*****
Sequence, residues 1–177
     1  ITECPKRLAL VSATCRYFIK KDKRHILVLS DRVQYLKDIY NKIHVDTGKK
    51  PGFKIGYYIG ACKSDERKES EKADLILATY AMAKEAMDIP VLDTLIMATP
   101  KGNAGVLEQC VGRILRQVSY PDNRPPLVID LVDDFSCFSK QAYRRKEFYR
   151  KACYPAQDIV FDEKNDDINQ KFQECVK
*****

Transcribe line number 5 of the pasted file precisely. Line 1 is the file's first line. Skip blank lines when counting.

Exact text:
   151  KACYPAQDIV FDEKNDDINQ KFQECVK